How dinner parties and language are related

Published 1st February 2013
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Have you ever been to dinner with family or friends and had a conversation with someone but not really taken in what they said? I know I have and, most of the time, I don’t do it on purpose. It could be down to a number of factors. Often, I end up tuning into someone else’s conversation, or get distracted by someone coming into the room. Very annoying for the person I’m talking to but it makes you wonder why your brain decides to redirect your attentions to another conversation even though your present interlocutor may be right next to you.

Similarly, some people find it easier to understand certain languages better than others. For instance, I find Dutch incredibly hard to speak and understand, whereas I can just about understand German, especially when it’s spoken slowly. I have a friend who knows French, German, Dutch and English and she doesn’t struggle with those languages but finds some of the UK dialects hard to comprehend.

So when it comes to translation, you may think that some people are better than others. It seems like something which only comes with experience but I think the more exposure you have to languages in general, the more you become aware of the patterns in language. For all the seeming randomness, languages are structured, albeit not all the same, but there is still underlying structure which forms part of the everyday conversations or written work.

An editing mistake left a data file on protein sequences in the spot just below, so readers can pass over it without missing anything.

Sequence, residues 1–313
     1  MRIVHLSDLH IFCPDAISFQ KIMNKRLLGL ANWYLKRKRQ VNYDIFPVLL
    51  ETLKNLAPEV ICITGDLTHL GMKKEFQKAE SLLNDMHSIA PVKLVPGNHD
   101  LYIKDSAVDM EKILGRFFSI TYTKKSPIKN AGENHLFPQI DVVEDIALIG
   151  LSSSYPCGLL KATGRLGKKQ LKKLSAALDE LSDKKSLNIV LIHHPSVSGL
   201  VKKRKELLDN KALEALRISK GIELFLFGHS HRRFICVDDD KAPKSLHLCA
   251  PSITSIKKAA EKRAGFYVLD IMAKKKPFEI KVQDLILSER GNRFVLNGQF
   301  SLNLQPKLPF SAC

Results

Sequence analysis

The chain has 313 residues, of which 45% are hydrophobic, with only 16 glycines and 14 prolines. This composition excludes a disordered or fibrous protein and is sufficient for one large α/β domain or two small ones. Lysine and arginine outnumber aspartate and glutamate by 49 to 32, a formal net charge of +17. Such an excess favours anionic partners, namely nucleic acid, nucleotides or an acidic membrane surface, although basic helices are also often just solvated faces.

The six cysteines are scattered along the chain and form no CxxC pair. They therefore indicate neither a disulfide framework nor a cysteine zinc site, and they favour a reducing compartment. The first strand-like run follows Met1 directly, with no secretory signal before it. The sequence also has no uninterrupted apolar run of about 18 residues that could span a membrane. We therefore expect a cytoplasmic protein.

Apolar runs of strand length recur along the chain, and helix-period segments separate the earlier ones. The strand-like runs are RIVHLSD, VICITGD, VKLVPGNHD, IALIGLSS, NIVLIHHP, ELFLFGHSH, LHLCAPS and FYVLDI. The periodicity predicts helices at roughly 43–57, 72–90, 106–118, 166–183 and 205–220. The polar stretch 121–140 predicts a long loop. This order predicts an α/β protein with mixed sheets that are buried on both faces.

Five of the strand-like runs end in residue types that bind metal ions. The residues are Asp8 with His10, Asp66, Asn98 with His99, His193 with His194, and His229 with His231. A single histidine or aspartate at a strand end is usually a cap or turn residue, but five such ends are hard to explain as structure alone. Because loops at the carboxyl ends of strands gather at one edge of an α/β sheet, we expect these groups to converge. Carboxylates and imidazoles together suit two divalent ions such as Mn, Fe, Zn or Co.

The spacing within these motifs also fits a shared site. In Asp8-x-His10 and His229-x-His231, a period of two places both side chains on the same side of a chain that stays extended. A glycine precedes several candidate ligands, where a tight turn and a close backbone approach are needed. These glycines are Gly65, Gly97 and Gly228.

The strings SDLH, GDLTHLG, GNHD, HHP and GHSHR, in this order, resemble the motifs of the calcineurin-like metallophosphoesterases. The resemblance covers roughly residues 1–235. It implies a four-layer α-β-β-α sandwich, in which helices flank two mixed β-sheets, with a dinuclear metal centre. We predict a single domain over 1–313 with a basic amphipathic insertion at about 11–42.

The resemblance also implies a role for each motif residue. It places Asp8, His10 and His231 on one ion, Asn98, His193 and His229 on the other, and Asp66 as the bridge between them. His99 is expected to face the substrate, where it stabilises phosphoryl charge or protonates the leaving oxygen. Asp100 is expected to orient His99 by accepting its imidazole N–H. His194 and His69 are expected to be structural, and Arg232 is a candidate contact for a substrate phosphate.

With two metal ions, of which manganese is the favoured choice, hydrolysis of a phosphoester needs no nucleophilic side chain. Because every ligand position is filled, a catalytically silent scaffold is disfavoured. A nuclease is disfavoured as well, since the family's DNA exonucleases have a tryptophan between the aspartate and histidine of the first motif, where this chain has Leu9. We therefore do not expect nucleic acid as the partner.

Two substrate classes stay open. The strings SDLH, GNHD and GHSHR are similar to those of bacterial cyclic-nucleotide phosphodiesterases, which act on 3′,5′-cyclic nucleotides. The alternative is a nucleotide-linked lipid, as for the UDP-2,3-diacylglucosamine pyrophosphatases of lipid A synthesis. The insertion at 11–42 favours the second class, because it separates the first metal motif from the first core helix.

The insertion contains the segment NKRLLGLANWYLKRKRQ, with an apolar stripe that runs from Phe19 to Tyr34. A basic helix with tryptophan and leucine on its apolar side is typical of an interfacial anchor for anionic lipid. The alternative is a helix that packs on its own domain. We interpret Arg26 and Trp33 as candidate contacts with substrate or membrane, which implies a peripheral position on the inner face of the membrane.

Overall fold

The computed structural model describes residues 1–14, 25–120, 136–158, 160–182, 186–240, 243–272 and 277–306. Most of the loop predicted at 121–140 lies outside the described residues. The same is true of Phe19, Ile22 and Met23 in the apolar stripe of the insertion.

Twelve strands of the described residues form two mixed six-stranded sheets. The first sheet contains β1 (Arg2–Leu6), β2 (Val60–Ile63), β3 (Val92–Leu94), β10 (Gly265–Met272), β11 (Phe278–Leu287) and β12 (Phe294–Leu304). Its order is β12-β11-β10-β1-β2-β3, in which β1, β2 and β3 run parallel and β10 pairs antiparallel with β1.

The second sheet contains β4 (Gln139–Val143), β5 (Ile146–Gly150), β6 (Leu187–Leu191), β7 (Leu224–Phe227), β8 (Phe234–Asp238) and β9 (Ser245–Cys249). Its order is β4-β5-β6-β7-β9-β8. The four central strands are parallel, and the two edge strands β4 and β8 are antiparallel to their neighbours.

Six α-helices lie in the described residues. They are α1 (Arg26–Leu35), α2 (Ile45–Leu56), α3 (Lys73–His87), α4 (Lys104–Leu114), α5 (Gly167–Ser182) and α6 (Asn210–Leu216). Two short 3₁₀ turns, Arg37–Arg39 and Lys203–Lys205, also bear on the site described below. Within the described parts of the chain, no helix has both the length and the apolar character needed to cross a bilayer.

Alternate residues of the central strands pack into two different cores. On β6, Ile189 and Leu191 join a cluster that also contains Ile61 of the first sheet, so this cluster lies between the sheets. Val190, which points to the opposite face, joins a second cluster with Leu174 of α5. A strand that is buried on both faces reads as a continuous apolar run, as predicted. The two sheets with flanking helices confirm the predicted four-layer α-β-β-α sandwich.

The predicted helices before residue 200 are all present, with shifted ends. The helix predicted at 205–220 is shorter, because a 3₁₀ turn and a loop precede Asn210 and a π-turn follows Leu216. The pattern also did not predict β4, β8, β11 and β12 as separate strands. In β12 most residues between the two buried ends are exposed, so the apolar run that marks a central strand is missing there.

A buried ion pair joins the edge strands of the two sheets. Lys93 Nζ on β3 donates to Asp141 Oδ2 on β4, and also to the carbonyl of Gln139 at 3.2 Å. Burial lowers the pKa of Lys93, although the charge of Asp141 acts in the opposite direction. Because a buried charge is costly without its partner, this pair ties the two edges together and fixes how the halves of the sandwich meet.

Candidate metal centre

If I tried translating Dutch at the moment, I would not get very far at all. However, if I lived in The Netherlands for some time, or made the effort to learn the Dutch language, I would be more likely to pick up certain phrases or vocabulary which would contribute to my knowledge of how the language works and eventually I would be able to translate things. It all takes time though, and patience.

Maybe it’s also the case for our dinner party talk. The more time and patience we have, the more attention we can pay to our conversations.

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